marysville three months on

Autumn has come in all its glory. With the drought, everything is desiccated already, but the long shadows of the April days gilt the edges of the red and yellow leaves in the Yarra Glen and up the Maroondah Highway.

In late afternoon a tall majestic avenue of bright yellow poplars line the road from Alexandra to Marysville. In the hills around us the low sunshine makes everything glow gold. But almost everything is already burnished copper and gold, if not from the season, from the fires.

Somehow because of the time of year it does not assault the senses as much as it did three months ago. We approach what is left of Marysville cautiously and respectfully, driving slowly past ridge after ridge of burnt forests, exposing the rocky land beneath. Aroborists have marked the condemned trees with white x marks. The buzz of chainsaws fill the air. People have died here and we remember.

The levelled houses begin. A pile of corrugated iron here, a lone chimney there. A destroyed home by a stream is surrounded by fern trees, growing again, livid green against the black. We grow quieter as we reach the town. Stopping at the little roundabout, it looks like a deserted, disassembled movie set. A single petrol station sign here, an unblemished church there by the river. The bakery lives on untouched. The resort hotel has been bulldozed away. A wishing well stands untouched in what used to be a garden.

We drive down deserted streets, our only companions emergency services people and the odd construction worker. I hear the words echoing in my head again from twelve weeks ago: Marysville is gone. As with Kinglake, it does not seem real until I see it with my own eyes.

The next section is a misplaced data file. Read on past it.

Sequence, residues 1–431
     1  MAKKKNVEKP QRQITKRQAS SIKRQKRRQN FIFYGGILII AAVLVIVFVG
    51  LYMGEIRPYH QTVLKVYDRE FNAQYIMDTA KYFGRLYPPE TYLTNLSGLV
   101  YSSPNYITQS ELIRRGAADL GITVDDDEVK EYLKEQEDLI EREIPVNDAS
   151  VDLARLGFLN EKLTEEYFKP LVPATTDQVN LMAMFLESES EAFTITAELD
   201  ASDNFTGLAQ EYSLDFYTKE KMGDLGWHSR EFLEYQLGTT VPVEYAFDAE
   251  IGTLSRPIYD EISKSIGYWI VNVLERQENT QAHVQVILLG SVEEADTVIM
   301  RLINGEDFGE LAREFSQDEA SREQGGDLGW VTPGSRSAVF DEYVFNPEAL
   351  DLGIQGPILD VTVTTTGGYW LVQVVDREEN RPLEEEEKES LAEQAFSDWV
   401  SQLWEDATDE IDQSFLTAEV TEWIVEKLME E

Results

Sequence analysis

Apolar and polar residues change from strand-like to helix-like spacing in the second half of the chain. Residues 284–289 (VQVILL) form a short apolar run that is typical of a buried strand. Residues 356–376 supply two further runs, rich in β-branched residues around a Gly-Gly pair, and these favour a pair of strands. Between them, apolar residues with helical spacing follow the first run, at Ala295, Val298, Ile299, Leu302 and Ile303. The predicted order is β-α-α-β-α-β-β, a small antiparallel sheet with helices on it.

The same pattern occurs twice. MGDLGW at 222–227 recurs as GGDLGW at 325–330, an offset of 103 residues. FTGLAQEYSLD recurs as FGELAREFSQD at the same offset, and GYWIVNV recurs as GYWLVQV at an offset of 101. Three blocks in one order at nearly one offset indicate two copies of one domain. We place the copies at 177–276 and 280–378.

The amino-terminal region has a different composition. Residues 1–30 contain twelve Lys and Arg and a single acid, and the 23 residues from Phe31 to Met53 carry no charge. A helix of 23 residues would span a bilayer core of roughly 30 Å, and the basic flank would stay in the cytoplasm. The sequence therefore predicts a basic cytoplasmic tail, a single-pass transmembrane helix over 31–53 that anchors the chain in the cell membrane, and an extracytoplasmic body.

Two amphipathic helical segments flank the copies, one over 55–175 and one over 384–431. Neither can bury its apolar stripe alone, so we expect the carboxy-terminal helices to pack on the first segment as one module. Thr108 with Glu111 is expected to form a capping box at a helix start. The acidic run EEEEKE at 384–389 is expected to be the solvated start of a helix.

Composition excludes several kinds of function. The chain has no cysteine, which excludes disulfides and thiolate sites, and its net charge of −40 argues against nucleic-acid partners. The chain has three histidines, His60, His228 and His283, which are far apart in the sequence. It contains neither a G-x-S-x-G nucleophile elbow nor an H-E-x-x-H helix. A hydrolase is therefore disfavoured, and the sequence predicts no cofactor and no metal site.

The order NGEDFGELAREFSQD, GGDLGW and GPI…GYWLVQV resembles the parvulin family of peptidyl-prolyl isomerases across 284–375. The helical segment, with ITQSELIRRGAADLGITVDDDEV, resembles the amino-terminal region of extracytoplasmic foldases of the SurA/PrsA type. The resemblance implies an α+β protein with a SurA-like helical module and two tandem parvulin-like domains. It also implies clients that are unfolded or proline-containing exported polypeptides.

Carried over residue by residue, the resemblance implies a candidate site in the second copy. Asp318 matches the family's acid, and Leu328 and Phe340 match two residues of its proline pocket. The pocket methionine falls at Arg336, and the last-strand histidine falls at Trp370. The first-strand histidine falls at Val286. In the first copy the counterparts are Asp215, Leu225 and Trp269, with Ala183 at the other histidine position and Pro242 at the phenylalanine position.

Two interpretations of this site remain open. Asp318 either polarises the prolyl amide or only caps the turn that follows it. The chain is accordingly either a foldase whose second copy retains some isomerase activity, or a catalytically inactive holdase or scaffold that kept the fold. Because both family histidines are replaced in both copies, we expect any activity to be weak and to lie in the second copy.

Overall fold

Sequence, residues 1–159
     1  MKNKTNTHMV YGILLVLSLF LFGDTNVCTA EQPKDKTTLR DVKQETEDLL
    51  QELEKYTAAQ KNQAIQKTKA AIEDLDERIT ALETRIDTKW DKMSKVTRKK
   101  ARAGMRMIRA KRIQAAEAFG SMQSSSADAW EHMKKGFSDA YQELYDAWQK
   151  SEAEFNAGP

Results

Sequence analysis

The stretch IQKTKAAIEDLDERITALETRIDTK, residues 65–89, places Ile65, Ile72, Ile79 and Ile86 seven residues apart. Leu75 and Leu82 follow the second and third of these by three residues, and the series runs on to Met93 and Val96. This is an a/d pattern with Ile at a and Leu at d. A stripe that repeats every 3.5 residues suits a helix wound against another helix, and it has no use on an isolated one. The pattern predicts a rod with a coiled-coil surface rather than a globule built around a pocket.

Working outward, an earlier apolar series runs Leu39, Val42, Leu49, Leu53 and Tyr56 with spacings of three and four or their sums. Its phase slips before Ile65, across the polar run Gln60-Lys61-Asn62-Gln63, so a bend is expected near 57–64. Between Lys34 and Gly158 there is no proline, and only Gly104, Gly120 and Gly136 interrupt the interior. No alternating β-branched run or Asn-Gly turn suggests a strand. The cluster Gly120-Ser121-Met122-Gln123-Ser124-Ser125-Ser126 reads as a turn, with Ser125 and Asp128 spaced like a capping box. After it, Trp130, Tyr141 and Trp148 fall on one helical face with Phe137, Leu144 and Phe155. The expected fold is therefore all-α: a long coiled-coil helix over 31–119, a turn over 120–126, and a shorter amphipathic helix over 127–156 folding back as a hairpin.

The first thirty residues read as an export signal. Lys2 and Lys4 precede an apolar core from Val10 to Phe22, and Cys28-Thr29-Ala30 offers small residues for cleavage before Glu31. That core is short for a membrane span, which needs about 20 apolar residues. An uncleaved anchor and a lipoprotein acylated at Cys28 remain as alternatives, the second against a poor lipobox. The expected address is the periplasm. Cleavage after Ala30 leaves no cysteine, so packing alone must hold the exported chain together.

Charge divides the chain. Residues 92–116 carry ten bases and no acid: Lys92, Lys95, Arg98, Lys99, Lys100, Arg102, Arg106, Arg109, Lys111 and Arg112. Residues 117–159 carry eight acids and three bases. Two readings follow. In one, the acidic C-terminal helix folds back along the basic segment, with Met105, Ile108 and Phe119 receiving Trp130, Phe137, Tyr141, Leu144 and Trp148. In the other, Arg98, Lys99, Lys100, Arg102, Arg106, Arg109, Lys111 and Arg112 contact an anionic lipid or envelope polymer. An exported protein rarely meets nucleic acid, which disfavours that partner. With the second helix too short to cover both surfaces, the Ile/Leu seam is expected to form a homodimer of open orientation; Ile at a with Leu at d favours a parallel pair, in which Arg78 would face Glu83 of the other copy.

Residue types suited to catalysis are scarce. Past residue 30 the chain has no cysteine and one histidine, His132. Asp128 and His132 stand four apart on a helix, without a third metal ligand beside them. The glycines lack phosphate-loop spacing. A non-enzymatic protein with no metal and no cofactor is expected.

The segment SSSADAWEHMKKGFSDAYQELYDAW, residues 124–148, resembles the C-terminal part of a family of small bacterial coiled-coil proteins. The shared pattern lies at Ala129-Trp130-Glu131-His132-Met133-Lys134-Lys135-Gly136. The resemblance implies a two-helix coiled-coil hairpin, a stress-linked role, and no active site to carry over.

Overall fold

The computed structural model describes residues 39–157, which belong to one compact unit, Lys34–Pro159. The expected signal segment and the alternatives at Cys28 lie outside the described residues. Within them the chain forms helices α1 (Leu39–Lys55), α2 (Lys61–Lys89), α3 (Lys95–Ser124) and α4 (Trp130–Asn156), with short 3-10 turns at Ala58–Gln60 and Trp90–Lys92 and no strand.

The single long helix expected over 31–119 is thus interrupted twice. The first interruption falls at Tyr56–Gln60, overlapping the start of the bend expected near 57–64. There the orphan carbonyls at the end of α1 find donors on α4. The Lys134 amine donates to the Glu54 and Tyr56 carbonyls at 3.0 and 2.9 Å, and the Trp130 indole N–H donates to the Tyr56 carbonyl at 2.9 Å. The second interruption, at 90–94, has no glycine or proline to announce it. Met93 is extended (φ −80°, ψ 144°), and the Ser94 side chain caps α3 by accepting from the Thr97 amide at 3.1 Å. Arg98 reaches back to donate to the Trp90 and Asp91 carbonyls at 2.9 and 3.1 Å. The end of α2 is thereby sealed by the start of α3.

In an old church campsite they are building granny flats for families to live in. They will house forty families here soon. Don gives us a tour of the tidy little bungalows: copper flyscreens to withstand an ember attack, air-conditioning and all mod cons in the little kitchen. Not bad. The village headman’s house has already been allocated. An embryonic playground is taking shape. Department of Human Services, Centrelink and others are already sitting waiting the Community Hub offices. If you build it, they will come.

The deputy head of the reconstruction authority rummages in my box of trauma teddies looking for one with Collingwood colours. Major General David Cantwell is younger than I’d expected, with sandy hair, an engaging smile and sensible army boots to trump my city kitten heels. He looks like a kind man. With him and Christine Nixon in charge, surely we won’t go far wrong.

The sun dips in the sky and the shadows grow longer. The blackened gum trees are emblazoned with a fuzz of vibrant green. It is difficult to comprehend how it will all grow back, but it will. Nature has already begun her regeneration. We just need to figure out how to start ours.

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